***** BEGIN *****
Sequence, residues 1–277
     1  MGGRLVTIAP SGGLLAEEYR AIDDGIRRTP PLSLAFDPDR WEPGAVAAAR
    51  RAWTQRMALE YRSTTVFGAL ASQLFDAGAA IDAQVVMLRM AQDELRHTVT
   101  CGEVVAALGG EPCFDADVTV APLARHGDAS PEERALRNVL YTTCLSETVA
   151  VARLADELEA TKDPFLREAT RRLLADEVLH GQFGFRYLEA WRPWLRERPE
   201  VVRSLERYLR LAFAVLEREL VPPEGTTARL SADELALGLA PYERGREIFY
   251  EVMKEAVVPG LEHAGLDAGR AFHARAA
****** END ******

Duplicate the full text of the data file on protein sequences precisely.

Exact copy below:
Sequence, residues 1–277
     1  MGGRLVTIAP SGGLLAEEYR AIDDGIRRTP PLSLAFDPDR WEPGAVAAAR
    51  RAWTQRMALE YRSTTVFGAL ASQLFDAGAA IDAQVVMLRM AQDELRHTVT
   101  CGEVVAALGG EPCFDADVTV APLARHGDAS PEERALRNVL YTTCLSETVA
   151  VARLADELEA TKDPFLREAT RRLLADEVLH GQFGFRYLEA WRPWLRERPE
   201  VVRSLERYLR LAFAVLEREL VPPEGTTARL SADELALGLA PYERGREIFY
   251  EVMKEAVVPG LEHAGLDAGR AFHARAA